The Petri Dish as a Playground
New data out of Denmark shows that children from singleton pregnancies after in vitro fertilization (IVF) have higher academic performance than children from naturally conceived pregnancies. In addition, IVF twins did no worse than IVF singletons on standardized testing.
Why the improvement in test scores? Now, we IVF doctors at Reproductive Science Center aren’t adding any magic to the culture medium. But we have always hoped and believed that IVF and early life in a Petri dish did not cause concern for a child’s developmental performance in school.
Earlier studies on children’s developmental performance showed no difference in IQ, attention and executive function in assisted reproductive technology (ART) versus non-ART children at age 5. A new study of ninth graders conceived by IVF with intracytoplasmic sperm injection (ICSI) showed their mean test score on the national test was statistically better than non-IVF peers. But remember that IVF children tend to come from older moms with higher socioeconomic status, which is most likely the reason for the improved scores, as the improvement was not significant after adjusting for these factors.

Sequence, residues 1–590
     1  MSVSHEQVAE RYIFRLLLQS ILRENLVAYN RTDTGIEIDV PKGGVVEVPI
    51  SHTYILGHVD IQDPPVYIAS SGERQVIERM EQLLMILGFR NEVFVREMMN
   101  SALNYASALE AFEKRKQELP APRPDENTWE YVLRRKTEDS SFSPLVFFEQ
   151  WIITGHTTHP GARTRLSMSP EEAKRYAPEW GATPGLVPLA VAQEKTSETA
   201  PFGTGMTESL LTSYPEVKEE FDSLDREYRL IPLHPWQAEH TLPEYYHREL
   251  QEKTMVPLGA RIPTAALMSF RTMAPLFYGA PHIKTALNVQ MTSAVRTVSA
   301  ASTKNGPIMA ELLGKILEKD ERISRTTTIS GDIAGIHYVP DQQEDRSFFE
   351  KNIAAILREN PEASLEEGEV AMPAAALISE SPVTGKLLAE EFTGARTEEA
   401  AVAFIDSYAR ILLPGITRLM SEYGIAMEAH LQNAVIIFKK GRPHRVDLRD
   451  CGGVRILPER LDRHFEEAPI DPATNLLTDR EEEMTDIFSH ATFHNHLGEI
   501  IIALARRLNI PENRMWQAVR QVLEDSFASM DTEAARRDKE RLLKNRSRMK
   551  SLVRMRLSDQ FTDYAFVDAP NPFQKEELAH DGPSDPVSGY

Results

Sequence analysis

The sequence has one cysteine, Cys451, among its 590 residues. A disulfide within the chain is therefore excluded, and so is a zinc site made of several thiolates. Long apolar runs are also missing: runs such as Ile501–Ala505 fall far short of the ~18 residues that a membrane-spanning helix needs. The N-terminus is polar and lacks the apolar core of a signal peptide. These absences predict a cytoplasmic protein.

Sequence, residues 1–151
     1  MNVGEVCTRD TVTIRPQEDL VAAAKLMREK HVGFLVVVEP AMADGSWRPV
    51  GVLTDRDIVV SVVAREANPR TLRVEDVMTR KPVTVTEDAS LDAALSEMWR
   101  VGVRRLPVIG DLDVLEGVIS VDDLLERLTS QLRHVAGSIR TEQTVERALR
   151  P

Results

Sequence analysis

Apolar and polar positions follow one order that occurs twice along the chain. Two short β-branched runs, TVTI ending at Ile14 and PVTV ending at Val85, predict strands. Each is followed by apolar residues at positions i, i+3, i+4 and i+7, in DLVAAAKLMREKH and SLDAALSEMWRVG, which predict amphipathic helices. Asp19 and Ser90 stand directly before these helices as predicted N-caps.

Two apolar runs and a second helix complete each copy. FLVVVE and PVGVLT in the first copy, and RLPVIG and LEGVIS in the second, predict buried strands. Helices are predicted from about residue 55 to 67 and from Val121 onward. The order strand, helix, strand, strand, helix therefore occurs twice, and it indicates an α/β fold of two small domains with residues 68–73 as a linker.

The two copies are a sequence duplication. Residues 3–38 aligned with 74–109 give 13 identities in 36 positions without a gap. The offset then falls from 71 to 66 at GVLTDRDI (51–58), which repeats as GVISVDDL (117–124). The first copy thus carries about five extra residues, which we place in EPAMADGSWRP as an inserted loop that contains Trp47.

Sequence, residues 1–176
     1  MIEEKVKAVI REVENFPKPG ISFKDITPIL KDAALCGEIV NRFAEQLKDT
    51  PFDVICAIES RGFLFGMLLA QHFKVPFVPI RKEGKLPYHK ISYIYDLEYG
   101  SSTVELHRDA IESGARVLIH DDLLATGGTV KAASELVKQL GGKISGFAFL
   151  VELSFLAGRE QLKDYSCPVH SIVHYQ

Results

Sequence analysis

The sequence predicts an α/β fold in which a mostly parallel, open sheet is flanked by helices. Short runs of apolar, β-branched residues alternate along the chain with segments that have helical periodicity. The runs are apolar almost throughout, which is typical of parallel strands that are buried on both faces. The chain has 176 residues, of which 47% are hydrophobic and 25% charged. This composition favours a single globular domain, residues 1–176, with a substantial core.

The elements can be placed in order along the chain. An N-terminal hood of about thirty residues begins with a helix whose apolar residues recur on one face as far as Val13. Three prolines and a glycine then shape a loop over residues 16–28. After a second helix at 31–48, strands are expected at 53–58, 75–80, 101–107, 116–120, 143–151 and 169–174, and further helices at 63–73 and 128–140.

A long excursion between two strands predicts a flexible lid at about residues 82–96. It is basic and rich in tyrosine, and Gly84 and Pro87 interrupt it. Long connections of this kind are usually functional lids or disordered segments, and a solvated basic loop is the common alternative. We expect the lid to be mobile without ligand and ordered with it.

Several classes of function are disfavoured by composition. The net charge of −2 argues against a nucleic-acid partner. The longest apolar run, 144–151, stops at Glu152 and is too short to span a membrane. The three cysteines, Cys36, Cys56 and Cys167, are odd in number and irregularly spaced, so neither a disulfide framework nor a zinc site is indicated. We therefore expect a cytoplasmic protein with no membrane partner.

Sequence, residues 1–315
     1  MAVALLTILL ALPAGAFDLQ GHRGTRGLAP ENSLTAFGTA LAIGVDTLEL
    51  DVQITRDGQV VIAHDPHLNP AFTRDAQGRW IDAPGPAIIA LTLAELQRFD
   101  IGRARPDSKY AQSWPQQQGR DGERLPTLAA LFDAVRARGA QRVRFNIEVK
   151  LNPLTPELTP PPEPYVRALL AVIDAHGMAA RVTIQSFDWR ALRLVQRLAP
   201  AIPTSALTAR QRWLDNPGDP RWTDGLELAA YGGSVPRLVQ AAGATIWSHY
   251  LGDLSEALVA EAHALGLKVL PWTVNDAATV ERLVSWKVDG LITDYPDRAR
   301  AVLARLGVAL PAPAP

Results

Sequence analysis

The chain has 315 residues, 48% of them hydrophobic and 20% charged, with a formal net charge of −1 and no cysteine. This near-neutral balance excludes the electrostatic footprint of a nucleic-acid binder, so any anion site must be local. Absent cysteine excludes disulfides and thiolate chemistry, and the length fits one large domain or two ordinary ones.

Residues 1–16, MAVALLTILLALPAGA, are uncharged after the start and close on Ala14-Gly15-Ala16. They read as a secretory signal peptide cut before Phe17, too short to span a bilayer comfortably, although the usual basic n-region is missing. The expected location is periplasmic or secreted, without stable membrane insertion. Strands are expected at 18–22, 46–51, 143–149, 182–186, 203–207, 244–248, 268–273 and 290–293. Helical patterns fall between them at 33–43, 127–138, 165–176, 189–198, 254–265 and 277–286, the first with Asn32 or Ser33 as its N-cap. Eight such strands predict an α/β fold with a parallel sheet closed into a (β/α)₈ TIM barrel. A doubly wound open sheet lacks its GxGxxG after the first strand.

And in truth, after adjusting for confounders in the recent Denmark study, it appears there is truly no difference in test scores, and higher scores may have more to do with the socioeconomic class people come from.
So rest assured, you moms and dads who underwent IVF to have a child. Hard work, good study habits, summer reading and great schools will keep your smart kids getting smarter, and they will not be behind their peers whose early playground was not the Petri dish.